CEG backs off on payout

$32 million to be spent elsewhere

March 21, 2009|By Hanah Cho | Hanah Cho,hanah.cho@baltsun.com

Baltimore's Constellation Energy Group said yesterday that it no longer will guarantee up to $32 million in performance and retention payouts for executives after facing sharp public criticism over the incentives.

The reversal comes two days after the awards were revealed by Th e Baltimore Sun. The disclosure sparked anger from consumers concerned about higher energy bills. And state lawmakers criticized the payouts, which became public during a national backlash involving bonuses to executives at insurance giant American International Group.

When Constellation agreed to sell half of its nuclear power business to France's largest utility for $4.5 billion, it had negotiated the incentive deal to retain its senior managers. Constellation is the parent of Baltimore Gas and Electric Co., Maryland's largest utility with 1.2 million customers.

The 135 top Constellation executives would still be eligible for long-term incentives if company performance goals are met, but they would no longer be guaranteed payouts that they would have received under an original deal with billionaire Warren Buffett.

After agreeing to sell itself to Buffett's MidAmerican Energy Holdings Co. to head off a bankruptcy last fall, Constellation scrapped that deal in favor of Electricite de France's bid in December.

EDF will still pay up to $32 million to Constellation if the deal closes, under the purchase agreement. But the money will be used to "help stabilize and run the business" instead of being earmarked for executive retention incentives, spokesman Rob Gould said.

Acknowledging the fallout over executive compensation recently, Constellation Chairman and Chief Executive Officer Mayo A. Shattuck III said, "This program has been misconstrued by some as a potential cost to our BGE customers, who we recognize are struggling with high energy bills.

"The funds for this program were coming entirely from EDF and would have not impacted BGE rates," Shattuck said yesterday in a statement. "Nonetheless, we have determined that this issue has become a significant distraction to the important long-term benefits for Maryland that our strategic partnership with EDF represents."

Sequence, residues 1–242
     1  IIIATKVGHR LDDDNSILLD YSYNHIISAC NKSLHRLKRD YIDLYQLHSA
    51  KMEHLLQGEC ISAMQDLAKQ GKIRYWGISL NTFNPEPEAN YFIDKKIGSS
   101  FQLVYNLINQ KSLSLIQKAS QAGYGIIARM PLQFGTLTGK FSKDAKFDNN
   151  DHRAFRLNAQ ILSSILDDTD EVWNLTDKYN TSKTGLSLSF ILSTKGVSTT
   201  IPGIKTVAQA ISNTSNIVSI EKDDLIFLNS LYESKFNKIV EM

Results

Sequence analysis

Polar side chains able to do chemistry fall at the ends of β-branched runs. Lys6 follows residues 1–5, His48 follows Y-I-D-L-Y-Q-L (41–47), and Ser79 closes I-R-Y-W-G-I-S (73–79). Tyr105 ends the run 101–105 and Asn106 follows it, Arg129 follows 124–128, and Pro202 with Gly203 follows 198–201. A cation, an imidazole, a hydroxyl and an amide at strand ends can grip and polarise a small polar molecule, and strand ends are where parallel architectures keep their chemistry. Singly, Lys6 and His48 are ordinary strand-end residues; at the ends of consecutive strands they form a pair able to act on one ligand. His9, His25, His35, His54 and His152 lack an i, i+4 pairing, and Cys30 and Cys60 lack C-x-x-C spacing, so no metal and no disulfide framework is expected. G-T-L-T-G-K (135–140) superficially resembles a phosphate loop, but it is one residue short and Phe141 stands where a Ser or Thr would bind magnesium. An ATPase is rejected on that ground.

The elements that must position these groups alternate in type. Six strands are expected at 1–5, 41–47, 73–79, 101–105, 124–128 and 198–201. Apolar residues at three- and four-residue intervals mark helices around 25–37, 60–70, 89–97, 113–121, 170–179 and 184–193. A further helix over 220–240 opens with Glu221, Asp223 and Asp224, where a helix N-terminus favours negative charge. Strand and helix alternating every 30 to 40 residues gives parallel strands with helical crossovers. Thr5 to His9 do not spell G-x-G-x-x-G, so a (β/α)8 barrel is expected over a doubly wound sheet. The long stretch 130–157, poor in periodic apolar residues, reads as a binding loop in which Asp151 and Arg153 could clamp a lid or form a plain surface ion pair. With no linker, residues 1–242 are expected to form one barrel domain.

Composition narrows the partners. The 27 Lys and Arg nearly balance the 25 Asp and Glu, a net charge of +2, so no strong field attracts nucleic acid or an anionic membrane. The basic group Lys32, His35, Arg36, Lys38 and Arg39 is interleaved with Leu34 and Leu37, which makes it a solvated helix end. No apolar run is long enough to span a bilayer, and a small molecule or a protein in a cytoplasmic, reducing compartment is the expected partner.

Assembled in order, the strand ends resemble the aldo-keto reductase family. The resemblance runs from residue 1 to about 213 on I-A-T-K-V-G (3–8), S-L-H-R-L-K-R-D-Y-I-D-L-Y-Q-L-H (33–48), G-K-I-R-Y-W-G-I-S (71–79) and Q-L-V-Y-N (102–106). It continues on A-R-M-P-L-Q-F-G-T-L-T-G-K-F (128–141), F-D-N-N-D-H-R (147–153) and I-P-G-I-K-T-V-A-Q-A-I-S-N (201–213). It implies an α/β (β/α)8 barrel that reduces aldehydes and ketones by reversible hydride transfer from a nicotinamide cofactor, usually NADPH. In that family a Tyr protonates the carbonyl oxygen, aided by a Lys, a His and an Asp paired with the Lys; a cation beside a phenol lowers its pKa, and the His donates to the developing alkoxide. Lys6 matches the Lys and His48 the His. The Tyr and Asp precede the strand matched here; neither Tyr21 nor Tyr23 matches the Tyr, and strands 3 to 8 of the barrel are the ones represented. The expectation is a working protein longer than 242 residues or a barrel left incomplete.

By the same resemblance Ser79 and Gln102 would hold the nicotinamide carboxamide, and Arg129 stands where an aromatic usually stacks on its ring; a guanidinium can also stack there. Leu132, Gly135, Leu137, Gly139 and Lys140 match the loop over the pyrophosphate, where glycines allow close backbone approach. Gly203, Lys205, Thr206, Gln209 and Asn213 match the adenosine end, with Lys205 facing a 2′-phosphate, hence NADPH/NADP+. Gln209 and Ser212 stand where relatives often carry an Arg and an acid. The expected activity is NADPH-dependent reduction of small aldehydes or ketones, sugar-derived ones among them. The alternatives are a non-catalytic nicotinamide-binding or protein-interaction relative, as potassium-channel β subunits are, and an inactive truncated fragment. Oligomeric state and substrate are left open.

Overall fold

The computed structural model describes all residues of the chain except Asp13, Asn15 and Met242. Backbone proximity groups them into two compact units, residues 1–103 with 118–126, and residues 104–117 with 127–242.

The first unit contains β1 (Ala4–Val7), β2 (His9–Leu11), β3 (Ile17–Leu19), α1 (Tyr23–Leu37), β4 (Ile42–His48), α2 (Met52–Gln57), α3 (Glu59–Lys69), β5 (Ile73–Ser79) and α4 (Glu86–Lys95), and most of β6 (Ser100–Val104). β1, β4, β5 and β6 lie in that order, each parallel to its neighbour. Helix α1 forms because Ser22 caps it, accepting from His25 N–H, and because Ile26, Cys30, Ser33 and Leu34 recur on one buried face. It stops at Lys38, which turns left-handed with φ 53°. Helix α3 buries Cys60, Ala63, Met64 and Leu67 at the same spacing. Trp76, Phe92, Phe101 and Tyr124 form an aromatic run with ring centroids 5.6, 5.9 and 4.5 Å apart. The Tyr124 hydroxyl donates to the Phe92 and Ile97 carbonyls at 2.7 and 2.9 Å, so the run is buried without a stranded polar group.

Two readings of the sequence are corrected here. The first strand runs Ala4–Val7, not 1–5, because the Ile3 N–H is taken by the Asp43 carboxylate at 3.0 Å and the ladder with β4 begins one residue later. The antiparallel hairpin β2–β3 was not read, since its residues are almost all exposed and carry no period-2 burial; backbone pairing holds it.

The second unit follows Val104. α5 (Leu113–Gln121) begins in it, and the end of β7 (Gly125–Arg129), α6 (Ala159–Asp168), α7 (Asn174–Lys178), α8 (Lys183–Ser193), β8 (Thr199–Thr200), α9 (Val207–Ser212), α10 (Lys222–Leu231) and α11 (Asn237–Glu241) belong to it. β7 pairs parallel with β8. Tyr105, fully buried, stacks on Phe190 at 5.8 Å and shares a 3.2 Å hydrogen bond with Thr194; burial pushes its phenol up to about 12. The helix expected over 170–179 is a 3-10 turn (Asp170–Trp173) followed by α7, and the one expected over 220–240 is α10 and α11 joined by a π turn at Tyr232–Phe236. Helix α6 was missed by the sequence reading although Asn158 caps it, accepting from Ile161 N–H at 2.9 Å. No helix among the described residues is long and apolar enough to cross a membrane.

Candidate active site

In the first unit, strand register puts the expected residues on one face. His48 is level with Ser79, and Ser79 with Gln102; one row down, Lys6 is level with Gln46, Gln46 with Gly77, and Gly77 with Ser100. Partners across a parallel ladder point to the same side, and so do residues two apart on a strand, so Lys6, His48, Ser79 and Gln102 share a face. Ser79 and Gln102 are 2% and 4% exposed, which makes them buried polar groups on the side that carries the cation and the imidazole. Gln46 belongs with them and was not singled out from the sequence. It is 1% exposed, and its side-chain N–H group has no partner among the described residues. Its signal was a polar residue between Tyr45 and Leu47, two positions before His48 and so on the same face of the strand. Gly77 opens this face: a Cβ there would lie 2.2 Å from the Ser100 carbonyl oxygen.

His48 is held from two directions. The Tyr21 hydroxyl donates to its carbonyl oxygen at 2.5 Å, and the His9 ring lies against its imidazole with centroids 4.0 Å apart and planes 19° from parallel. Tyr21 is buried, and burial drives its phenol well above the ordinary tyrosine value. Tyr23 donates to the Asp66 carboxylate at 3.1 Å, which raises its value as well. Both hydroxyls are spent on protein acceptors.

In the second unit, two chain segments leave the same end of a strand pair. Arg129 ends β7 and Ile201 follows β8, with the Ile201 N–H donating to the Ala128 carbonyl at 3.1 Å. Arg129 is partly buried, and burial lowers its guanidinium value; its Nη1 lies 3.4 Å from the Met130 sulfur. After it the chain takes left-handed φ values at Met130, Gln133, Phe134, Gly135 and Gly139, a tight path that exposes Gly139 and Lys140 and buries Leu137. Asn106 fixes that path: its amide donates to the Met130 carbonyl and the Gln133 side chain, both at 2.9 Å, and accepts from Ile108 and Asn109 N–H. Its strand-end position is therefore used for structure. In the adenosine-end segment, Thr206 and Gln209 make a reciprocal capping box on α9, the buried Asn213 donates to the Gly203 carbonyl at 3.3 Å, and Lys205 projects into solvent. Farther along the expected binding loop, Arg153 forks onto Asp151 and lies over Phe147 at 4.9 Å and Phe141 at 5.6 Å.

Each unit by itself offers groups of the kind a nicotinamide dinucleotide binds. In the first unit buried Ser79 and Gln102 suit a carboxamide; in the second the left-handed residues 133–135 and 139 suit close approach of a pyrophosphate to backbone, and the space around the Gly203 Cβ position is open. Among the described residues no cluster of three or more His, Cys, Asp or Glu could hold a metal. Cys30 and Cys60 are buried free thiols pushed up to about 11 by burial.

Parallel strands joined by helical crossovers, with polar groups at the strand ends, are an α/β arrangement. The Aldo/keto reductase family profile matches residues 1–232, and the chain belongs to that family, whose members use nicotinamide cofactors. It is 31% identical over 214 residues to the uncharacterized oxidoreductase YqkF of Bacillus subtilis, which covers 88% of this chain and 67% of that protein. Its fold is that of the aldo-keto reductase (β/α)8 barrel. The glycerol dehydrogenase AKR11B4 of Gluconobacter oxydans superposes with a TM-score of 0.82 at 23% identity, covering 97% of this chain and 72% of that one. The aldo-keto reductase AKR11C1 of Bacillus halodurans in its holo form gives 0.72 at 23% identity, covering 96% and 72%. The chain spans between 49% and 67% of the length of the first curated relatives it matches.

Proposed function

Because the outlook for Constellation's financial health has improved, the company decided to "remove this compensation issue from the critically important review of our transaction with EDF," Shattuck said.

While state lawmakers likened the payouts to AIG bonuses, Constellation executives pointed out this week that no taxpayer money was involved.

State energy regulators are investigating whether the deal would have substantial influence over BGE, an issue that could determine whether the transaction requires their approval.

"It appears that Constellation did the right thing by removing these bonuses, and obviously, the [Maryland] Public Service Commission will continue its inquiry into the Constellation-EDF deal," said Rick Abbruzzese, a spokesman for Gov. Martin O'Malley.

O'Malley and other lawmakers condemned the payments, saying they were coming at a time when BGE customers are paying higher bills, shareholders have seen their stock lose more than 75 percent of its value and the company has laid off more than 800 workers.

The incentives "should not have been there in the first place," state Sen. George Della Jr., a Baltimore Democrat, said in response to Constellation's reversal. "What was going through their minds?"

Democratic state Sen. James C. Rosapepe, who has co-sponsored legislation to end the 1999 state law that deregulated the energy industry, credited Constellation yesterday for recognizing that it would have been "unconscionable" to guarantee money for its executives while not helping its ratepayers.

But he noted that Constellation's initial decision to dole out incentives has created momentum to re-regulate the energy industry in Maryland.

O'Malley and others have argued that a gradual shift to re-regulation would ensure that decisions about the state's energy future are made for the public good, not corporate profit. Lawmakers are working on legislation, and a key committee could vote on the plan as early as Monday.

"The lesson this week is: The case for re-regulation has dramatically increased," Rosapepe said.

EDF was slated to pay the difference between what senior Constellation executives would earn based on company performance and what they would have received under the Buffett buyout.

The sale to Buffett would have triggered "change-in-control" payments for executives, including early payouts of long-term performance incentives at a high level. It's a common practice intended to ensure that management works in the best interest of shareholders.

Constellation said it was concerned about losing critical managers in such highly skilled areas as safety and reliability. The company said it negotiated the retention payouts as part of its existing long-term incentive plan.

EDF had agreed to pay up to $19 million in performance and retention awards covering 2007-2009 and up to $13 million for 2008-2010.

About 120 senior managers would have been eligible to receive $7.8 million and $5.7 million for those respective periods. The payout averaged about $113,000 per employee during the two performance periods.

No top-tier executive officer, including Shattuck, had been guaranteed payments, according to Constellation.

Had the MidAmerican sale closed, Shattuck would have received $10.9 million in incentives, according to proxy documents filed with the Securities and Exchange Commission.

Constellation said yesterday that the $32 million represented less than 1 percent of its total annual employee compensation costs.

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